diabetes supplement
Diabetes Medication

Berberine Is a Diabetes Drug in Disguise

Berberine might be the best supplement that you can take to reduce your blood glucose. But first you need to consider the disadvantages of any supplement.

Berberine has apparently been an important herbal remedy in Chinese medicine for hundreds, if not thousands, of years. Now, it is becoming increasingly well known in the West.

Growing interest in berberine

The U.S. National Library of Medicine indexes about 4,000 studies in professional journals that include berberine. This is far more than the 800 on bitter melon and the 200 on gymnema sylvestre, which quite a few people have told me they use to manage their blood glucose. It’s clear that interest in berberine is growing fast: more than 1,500 of the 4,000 studies were published in the last five years.

But people use berberine for many conditions. Just 243 of these studies are about berberine and diabetes, and 79 of them are human studies (the others are studies of berberine in animals or in test tubes).

Human studies

One of these human studies was a randomized, double-blind, placebo-controlled and multiple-center trial that the Journal of Clinical Endocrinology & Metabolism reported in 2008. This study included 116 people newly diagnosed with diabetes with moderately high blood glucose levels who hadn’t previously had any diabetes treatment. Those people in the group who took 500 mg of berberine twice daily for three months had significantly greater improvements in their glucose levels both before and after eating than those who took a placebo. The reduction of A1C from an average of 7.5 to 6.6 is about as much as you can hope to achieve with any diabetes treatment.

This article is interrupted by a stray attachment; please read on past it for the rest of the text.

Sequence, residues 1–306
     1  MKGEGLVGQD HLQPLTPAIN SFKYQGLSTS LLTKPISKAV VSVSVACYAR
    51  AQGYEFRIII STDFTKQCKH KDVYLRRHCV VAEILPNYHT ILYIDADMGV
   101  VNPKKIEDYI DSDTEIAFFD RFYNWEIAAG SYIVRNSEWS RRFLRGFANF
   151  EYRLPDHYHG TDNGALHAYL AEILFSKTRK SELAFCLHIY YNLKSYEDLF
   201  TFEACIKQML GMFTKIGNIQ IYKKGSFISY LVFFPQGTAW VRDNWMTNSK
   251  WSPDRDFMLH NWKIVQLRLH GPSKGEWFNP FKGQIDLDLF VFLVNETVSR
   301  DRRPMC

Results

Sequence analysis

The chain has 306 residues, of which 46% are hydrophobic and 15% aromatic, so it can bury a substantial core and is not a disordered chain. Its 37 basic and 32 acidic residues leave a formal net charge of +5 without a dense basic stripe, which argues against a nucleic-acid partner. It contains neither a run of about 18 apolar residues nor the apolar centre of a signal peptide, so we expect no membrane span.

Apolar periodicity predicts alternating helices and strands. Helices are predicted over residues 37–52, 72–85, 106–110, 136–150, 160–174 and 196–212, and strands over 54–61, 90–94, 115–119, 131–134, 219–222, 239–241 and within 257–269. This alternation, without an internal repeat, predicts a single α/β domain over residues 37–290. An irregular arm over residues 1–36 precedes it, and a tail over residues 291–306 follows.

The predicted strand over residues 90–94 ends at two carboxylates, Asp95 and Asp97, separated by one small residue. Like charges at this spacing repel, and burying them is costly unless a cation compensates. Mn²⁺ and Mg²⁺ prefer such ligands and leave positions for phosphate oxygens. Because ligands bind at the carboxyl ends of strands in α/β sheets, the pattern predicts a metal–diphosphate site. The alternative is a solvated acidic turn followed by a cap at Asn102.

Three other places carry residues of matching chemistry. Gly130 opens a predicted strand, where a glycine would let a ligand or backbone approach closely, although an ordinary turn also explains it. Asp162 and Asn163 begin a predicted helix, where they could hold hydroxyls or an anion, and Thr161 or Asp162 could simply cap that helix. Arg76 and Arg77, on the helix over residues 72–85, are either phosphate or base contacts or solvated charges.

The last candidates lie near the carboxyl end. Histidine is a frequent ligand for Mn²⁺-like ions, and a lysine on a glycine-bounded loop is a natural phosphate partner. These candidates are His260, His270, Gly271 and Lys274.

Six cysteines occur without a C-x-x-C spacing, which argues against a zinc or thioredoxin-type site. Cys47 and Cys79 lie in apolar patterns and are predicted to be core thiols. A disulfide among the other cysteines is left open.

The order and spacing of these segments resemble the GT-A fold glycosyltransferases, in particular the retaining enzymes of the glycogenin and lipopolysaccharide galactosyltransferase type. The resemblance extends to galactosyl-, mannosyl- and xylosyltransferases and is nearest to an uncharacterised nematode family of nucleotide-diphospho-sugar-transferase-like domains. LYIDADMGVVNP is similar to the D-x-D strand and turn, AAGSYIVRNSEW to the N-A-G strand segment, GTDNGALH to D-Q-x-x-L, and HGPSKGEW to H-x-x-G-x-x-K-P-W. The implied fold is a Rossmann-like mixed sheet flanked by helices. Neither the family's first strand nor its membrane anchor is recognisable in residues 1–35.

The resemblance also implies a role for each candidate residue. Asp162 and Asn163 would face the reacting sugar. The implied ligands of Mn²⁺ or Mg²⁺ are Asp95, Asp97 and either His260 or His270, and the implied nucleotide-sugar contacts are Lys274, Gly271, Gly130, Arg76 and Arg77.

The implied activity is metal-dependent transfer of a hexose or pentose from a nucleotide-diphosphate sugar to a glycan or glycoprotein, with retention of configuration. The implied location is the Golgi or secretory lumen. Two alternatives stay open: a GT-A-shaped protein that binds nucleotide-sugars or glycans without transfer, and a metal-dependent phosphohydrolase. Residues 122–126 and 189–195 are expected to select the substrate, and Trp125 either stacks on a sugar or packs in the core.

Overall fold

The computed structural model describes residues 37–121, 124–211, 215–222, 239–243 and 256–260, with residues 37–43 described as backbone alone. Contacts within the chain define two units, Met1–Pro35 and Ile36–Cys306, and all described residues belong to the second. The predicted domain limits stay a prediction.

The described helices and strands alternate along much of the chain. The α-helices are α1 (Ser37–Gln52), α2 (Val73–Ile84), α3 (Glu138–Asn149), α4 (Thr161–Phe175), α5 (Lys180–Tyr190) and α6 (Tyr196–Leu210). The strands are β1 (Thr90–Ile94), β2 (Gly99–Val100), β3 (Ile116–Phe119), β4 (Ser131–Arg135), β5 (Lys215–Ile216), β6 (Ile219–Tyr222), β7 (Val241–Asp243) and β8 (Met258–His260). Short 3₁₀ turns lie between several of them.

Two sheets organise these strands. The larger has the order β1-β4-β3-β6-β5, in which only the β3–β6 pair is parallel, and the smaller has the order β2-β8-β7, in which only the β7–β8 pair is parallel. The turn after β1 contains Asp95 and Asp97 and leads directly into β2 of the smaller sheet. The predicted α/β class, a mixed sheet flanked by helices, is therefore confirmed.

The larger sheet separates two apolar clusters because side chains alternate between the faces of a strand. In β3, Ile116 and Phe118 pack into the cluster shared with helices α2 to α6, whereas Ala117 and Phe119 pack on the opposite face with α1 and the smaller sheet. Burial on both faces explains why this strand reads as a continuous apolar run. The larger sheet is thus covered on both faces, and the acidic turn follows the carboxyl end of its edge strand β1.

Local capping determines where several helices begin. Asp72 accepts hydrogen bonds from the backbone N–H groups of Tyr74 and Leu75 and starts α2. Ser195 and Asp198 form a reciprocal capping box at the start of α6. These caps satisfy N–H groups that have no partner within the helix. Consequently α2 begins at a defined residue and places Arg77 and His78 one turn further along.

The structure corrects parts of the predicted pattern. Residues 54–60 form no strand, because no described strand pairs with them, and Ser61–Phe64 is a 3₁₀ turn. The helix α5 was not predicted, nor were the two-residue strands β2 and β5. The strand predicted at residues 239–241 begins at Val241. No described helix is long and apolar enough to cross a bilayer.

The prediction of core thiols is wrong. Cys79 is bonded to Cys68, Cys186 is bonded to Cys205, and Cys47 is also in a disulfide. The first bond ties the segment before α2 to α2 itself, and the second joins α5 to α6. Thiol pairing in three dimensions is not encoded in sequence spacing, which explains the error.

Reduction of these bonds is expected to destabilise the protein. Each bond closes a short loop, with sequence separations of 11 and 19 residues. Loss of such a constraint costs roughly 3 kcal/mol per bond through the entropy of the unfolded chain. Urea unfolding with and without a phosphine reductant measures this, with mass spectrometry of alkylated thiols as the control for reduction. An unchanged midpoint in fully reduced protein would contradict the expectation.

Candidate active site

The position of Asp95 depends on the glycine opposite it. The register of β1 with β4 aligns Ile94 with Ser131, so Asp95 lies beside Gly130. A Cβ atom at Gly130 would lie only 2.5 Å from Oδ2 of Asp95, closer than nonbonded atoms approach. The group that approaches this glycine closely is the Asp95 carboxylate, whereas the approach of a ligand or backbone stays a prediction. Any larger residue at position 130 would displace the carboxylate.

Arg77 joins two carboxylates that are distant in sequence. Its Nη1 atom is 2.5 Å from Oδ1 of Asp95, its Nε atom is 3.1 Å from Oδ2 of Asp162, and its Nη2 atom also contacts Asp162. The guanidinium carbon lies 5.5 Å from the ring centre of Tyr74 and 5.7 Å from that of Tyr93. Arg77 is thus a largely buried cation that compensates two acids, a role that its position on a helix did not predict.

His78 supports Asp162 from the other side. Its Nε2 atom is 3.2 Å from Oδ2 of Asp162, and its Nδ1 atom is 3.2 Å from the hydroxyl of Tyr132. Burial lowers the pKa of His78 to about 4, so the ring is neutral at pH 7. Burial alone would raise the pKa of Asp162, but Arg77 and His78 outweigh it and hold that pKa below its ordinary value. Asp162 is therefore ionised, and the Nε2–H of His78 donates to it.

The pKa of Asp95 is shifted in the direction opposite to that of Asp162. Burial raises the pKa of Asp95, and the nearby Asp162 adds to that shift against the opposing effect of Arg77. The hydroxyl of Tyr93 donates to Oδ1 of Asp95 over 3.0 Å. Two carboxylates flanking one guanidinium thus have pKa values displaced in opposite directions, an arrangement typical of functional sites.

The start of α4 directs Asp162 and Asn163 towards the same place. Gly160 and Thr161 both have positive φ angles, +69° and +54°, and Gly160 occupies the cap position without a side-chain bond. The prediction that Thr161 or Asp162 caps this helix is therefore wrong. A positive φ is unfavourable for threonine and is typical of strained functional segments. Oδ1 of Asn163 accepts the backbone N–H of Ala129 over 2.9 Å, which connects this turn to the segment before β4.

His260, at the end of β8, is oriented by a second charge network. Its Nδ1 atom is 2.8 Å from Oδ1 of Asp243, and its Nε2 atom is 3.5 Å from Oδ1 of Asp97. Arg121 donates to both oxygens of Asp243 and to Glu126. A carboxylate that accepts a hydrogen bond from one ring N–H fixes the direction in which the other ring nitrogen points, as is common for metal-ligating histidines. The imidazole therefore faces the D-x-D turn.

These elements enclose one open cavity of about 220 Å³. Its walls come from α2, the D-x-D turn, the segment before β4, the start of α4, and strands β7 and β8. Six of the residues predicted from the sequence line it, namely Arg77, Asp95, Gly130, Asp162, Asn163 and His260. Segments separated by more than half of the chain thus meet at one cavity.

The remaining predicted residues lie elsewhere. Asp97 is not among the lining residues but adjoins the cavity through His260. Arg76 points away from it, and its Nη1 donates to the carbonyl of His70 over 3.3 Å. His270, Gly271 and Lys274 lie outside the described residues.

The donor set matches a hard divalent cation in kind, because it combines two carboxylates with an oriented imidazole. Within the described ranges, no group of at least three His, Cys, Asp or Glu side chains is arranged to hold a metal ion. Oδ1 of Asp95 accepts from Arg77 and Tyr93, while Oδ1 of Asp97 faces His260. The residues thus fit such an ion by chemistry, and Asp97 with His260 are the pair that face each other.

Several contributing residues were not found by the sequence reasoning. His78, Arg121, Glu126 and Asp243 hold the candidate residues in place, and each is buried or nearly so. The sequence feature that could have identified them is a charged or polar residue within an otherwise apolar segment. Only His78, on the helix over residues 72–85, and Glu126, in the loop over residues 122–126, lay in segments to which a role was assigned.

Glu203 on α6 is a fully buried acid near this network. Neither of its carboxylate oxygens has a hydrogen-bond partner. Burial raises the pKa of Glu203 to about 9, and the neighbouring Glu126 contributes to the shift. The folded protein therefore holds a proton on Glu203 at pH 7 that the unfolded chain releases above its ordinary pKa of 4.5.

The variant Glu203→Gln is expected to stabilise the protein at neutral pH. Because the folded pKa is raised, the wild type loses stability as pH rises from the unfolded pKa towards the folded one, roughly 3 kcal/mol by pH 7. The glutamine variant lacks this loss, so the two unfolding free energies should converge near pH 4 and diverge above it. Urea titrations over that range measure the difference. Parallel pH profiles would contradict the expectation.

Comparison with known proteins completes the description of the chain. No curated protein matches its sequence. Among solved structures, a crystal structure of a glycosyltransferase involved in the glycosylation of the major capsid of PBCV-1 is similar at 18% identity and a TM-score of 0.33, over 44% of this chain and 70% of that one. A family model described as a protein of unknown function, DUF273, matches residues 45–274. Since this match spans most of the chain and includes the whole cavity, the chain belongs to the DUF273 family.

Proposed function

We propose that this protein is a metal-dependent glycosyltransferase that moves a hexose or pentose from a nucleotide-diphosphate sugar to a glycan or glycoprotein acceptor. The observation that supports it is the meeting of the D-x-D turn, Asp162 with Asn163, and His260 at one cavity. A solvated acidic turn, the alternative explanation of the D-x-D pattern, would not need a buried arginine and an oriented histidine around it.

A pilot study, also published in 2008 but in the journal Metabolism, compared berberine and metformin. This three month study randomly assigned 36 people who had been newly diagnosed with diabetes to either berberine or metformin and found that they had an  “identical effect” in regulating blood glucose.

Another small study of 24 people with pre-diabetes was a randomized, double-blind, placebo-controlled trial. This study, published two years ago in the journal Metabolic Syndrome and Related Disorders, found that the people who took 500 mg of berberine three times a day had significant decreases in blood glucose and insulin levels. Those who took a placebo had no significant changes.

Safety and side effects

A review of studies of berberine and diabetes concluded that berberine “generally appeared to be safe.” However, a separate study, which that review did not consider, shows that berberine can increase bilirubin, which when high can cause jaundice in babies. Women who are pregnant or nursing are cautioned to avoid berberine.

Otherwise, these none of studies turned up any serious side effects. The most commonly reported side effects were “gastrointestinal discomforts including constipation, diarrhea, nausea, and abdominal distension.”

Why do people take supplements?

Most people who tell me that they prefer to take a supplement rather than a prescription drug say that they are concerned about the side effects that drugs can cause. But the trouble is that any supplement that can do anything to help you might also do something that would hurt you.